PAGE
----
Stock Market Crash 2020: Recession extended by market overpricing

stock market crash

Stock market crash 2020, with its market losses, are easily comparable to those of 1987 or 2008. Investors’ fears about reduced consumption, investments, and the increase in debt and unemployment are becoming a reality. Given that market trends are based on expectations, the investors expected the economy to go into a recession. As far as we see their actions represented the real economy. But were they really representative of the previous years to be fully now?

In Germany, Manufacturing PMI is under 50 since January 2019, which means that manufacturing sector is in a recession for more than a year now. So, what makes DAX go 26% up during the same year with an all-time high on February 2020, when Merkel made it clear that government will not ditch surplus budgets, any tax breaks which were requested by some members of CDU and some companies, was out of the question?

Asset valuations reliant on low rates could face future corrections

Definitely not the expectations of the industry’s development. The turn of the European Central Bank to a looser monetary policy and its confirmation that negative rates and QE will stay until the inflation goal, which is not predicted before 2022, is achieved was more than enough for this rally.

But ECB’s Financial Stability Review has shown that asset valuations reliant on low rates could face future corrections. The problem is that as time flies, the percentage of asset valuations that rely on negative rates is becoming bigger and bigger. As a result, the harder it is for ECB to return to normal, positive rates.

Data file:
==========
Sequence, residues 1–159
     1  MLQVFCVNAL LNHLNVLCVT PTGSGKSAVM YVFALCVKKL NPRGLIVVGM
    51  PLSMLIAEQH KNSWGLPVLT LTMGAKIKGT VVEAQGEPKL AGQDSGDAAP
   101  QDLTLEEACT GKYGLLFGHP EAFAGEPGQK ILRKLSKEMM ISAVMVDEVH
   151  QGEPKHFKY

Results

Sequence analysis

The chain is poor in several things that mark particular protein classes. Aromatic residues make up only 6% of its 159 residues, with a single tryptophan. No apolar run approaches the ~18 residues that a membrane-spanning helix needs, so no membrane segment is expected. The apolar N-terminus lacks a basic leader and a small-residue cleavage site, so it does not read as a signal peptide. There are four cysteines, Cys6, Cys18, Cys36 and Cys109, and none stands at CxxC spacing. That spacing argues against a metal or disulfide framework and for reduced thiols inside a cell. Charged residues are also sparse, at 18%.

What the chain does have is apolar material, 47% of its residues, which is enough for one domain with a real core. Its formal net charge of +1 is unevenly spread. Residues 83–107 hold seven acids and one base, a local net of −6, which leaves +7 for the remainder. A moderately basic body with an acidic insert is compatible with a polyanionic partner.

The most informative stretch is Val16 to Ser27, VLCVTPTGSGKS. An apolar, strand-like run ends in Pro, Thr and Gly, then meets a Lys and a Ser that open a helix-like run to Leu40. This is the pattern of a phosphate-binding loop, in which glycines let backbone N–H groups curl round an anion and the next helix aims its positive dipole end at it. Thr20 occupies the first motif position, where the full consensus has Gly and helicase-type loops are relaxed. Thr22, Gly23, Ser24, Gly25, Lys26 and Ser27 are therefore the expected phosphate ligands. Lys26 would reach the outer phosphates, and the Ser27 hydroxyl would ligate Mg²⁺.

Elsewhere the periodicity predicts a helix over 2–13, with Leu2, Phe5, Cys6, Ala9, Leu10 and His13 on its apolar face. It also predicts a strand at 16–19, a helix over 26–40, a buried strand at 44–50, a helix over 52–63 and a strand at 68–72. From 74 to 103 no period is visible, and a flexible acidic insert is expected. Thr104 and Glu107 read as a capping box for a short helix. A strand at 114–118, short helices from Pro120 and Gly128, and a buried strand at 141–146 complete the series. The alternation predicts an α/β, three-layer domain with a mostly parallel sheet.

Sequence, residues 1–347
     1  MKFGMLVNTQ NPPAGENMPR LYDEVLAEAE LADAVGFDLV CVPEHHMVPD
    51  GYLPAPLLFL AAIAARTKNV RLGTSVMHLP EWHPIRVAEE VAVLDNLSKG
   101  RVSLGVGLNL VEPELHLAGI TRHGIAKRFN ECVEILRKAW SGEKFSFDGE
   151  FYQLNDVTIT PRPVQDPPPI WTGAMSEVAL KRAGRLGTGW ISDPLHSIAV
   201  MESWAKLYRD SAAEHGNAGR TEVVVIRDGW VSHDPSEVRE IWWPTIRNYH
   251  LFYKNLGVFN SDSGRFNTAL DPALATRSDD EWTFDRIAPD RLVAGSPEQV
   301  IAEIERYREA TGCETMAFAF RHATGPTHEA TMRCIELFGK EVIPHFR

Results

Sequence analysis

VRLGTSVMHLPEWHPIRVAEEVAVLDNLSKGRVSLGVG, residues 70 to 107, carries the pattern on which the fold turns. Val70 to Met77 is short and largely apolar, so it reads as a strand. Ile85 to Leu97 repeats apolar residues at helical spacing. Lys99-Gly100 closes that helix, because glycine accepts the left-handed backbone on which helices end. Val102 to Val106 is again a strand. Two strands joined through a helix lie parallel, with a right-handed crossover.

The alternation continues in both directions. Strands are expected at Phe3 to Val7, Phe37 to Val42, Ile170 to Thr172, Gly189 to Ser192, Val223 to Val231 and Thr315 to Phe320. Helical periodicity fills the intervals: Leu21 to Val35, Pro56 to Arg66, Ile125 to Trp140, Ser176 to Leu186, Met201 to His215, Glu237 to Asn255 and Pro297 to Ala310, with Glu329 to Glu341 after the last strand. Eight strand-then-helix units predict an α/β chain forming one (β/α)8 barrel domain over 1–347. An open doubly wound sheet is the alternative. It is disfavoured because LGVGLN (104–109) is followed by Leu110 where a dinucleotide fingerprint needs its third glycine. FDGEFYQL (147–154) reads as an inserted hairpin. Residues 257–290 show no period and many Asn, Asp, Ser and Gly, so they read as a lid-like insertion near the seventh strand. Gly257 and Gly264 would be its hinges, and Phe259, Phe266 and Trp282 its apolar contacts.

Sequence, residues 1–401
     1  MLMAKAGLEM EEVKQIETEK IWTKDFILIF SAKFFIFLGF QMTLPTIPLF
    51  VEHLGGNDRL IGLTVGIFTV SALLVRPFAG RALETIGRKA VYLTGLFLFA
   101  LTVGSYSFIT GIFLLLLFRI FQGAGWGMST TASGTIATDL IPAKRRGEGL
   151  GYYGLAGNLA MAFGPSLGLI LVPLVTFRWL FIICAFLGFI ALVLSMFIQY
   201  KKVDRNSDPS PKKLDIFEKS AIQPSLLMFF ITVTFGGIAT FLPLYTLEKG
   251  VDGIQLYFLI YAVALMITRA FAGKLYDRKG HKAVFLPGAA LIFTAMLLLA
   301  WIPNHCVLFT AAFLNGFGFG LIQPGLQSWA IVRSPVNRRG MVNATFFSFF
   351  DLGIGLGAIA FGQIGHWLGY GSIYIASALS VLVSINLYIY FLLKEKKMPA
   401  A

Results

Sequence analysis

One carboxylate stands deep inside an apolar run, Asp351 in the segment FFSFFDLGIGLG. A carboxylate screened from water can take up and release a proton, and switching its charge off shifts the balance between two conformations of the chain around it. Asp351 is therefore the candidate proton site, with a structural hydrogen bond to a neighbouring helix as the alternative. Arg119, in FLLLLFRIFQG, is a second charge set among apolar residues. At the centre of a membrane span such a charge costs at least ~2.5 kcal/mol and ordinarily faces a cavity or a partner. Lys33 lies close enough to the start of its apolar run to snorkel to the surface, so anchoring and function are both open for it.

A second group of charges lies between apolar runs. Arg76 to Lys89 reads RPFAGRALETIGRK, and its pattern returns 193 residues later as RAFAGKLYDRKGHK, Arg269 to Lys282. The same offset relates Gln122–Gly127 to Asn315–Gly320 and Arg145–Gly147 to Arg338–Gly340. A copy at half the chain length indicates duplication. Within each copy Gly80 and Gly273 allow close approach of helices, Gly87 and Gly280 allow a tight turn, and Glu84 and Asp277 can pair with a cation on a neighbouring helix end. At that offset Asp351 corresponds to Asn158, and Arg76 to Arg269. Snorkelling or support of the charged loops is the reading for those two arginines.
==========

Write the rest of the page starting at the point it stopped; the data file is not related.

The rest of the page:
On the other side of the Atlantic Ocean, Trump’s administration brought a huge rally to the U.S. markets as his election was “God-given” for huge corporations. As the corporate tax fell to 21% from 35%, CEOs had no suspension for huge share repurchase programs and pay bigger dividends to shareholders, trying to increase the stock price.

20% of cash flow spent on development and research

Whatever has to do with the first one, it is not enough to say that buybacks reached 6.5 trillions of dollars from 2008 to 2019 but it is useful to notice that 2.1 of this amount in the past two years. IMF’s analysis, based on S&P 500 data has shown that only 20% of increased cash flow in 2018 – because of the tax breaks – was spent on development and research.

The remaining 80% was used for share buybacks, dividends, and other asset-liability and balance sheet adjustments; and the result? Stock markets were hitting one record after another and this increase did not represent the quality of development of the sector.

So, we realize that markets do not always represent reality but tend to be overpriced. That makes them vulnerable and fragile when the economy is about to slow down, which intensifies sell-offs and extends the recession.

Paris Magirias

Paris Magirias

Paris Magirias studies Accounting and Finance at the Athens University of Economics and Business.

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